My wife and I needed a night out the other evening.Dinner, dancing, a movie—whatever; we wanted to do the whole date thing.A quick call to a neighborhood teenager brought good news—yes, she was available Saturday night to serve as the much-needed babysitter for our two young children.We had used her before and knew we could trust her; plus, her rate of four dollars an hour per child seemed pretty reasonable, especially when my sanity was involved.
The dinner was exquisite; the movie was adequate; and, overall, the time spent with my wife was invaluable.The thirty-two dollars I handed to the babysitter at the end of the evening was well spent, and I will certainly use this teenager's services again.
As I turned around after walking her home, I began to think, and an epiphany struck me, an idea that could potentially solve practically all of our nation's educational budget woes: Why not have individual parents pay teachers baby-sitting wages on a daily basis?Sure, the plan may sound insulting to teachers at first (e.g., "Baby-sitting?Hardly!I'm an educator!" said with a highly arrogant tone and a nose in the air.)But hear me out on this one.
First, the calculations: I teach approximately 120 students a day (a number that makes some of my high school comrades jealous since it's a bit low).Because I teach each teenager approximately one hour each, four dollars per student per hour would be $480 a day.For the sake of conservative estimates, however, I will assume that at least ten students a day will be absent for some reason (e.g., skipping, attending a family vacation, coughing up a lung—whatever); therefore, I should bring in about $440 per day.
Now, $440 per day would mean approximately $2200 per week.Now (and some of you are starting to get a little interested), there are 36 school weeks per year, so using those numbers, I would have an annual income of $79,200!With that salary, I wouldn't even be so brash as to ask from the district or the state any extra money for weekend grading and preparation hours or in-service time or collaboration days.I think almost $80,000 per year would take care of those other extra hours spent crafting my professional expertise.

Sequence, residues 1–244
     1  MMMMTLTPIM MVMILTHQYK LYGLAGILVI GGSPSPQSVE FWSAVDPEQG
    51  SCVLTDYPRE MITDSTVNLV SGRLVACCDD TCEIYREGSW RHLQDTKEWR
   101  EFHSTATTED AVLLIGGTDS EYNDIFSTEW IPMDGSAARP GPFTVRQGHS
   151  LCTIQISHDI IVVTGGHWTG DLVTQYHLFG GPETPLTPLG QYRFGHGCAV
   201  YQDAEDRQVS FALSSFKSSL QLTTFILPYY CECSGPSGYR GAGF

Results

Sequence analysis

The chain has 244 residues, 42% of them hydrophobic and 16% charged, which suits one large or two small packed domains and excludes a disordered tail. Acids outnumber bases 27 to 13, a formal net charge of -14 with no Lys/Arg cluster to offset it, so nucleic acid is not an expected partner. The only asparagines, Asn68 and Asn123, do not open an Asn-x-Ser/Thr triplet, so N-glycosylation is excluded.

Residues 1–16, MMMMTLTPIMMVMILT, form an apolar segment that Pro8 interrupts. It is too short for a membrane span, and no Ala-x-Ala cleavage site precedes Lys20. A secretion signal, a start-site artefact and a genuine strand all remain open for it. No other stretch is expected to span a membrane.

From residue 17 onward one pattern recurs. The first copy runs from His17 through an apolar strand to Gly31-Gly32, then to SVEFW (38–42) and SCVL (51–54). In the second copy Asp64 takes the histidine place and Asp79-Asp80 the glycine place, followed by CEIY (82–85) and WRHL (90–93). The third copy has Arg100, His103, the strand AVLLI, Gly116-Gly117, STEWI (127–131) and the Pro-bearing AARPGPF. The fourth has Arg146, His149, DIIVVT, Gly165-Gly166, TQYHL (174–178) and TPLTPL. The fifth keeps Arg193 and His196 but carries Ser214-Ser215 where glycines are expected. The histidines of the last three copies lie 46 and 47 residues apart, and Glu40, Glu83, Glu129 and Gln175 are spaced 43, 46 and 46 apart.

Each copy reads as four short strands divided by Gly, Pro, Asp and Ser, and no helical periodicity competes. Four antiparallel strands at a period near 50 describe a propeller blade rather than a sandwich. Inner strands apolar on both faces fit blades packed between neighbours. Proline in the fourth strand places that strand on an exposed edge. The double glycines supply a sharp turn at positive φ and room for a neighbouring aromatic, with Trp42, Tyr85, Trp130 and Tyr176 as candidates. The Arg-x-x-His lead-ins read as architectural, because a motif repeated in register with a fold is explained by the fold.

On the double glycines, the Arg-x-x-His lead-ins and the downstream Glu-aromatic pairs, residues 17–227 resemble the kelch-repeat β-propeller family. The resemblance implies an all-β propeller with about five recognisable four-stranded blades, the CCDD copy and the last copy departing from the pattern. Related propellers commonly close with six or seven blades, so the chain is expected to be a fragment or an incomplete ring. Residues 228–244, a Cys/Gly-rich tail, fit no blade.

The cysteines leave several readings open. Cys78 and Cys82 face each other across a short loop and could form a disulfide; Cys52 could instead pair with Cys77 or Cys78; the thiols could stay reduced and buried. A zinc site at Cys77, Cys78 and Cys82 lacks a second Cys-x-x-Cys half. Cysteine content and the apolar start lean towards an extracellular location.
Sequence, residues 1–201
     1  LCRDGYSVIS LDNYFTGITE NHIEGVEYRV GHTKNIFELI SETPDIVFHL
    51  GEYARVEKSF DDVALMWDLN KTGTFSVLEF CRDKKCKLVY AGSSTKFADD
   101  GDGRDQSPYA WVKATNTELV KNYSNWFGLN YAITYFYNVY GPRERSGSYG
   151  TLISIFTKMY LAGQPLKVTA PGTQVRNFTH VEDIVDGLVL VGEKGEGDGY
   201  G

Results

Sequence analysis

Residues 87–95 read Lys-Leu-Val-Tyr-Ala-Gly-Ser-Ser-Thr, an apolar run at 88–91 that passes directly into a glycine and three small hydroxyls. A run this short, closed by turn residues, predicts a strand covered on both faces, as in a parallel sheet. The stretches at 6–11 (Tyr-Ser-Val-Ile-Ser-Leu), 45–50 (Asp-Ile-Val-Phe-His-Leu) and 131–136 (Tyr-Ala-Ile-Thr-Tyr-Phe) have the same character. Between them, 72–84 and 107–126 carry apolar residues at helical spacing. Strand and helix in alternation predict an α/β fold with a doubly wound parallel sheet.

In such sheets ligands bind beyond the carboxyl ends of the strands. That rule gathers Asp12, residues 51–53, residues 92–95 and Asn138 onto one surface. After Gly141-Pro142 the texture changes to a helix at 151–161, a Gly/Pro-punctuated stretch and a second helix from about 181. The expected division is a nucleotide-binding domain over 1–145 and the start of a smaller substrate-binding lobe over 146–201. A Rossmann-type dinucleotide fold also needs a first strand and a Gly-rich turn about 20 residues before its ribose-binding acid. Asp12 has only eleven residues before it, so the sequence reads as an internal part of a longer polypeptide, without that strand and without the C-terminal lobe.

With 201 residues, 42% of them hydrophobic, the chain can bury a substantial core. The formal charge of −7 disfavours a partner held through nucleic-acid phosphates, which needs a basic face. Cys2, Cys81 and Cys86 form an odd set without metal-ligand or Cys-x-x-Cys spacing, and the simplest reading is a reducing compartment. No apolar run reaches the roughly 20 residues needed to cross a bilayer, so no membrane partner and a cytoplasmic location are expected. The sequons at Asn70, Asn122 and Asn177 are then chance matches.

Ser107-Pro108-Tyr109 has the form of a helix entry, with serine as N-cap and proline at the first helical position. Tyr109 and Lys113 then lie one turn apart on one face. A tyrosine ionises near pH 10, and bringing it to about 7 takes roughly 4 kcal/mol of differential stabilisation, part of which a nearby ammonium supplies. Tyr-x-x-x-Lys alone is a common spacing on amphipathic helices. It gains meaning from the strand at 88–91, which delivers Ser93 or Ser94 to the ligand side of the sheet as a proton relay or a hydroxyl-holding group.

And almost $80,000 per year on baby-sitting wages!To think!To dream!(By the way, are any of my peers insulted now?)
And for those of you with a Masters degree, let's throw in an extra dime per student per hour babysat . . . uh, excuse me . . . educated.Doesn't sound like much, but that thin little dime winds up putting over $88,000 in your pockets per year.Not bad for a silly little dime, eh?
For the parents, the numbers would work out like this: with one child's attending six periods a day, the cost would run only twenty-four dollars per day.Over the course of a 180-day school year, the maximum out-of-pocket expense would come to $4,320 (and let us not forget that most children will not have perfect attendance, thereby making that number a bit lower).
Sure, some minor financial issues may have to be considered: How do we pay the principals, administrative assistants, janitors, nurses, district office personnel, bus drivers, groundskeepers, etc.?How do we pay for books, document projectors, desks, paper, copiers, AV equipment, buildings, etc.?How do we pay for the students whose families fall below the poverty line?
OK, so maybe I haven't thought this brilliant plan all the way through—I admit it.But, those miniscule details aren't my forte anyway; neither are they my point.
The reason I used this babysitting scenario is that I, as a public school teacher, am tired of the public's complaining about teachers' "always complaining about money."Maybe the fact that I'm not getting paid even close to babysitting wages to educate our youth is an eye-opening statistic.Or, maybe my calculations are simply wasted on those who have never tried educating 120+ teenagers per day.
Either way, in order for good teachers to remain teachers and in order for more college students to want to be teachers and, ultimately, in order for our students to receive the best possible education, the issue of money must be addressed, however uncomfortable that topic may be to the taxpayers of this nation.
English Teacher (13th year)
Presently at Shadle Park High School in Spokane, WA
Published October 13, 2008
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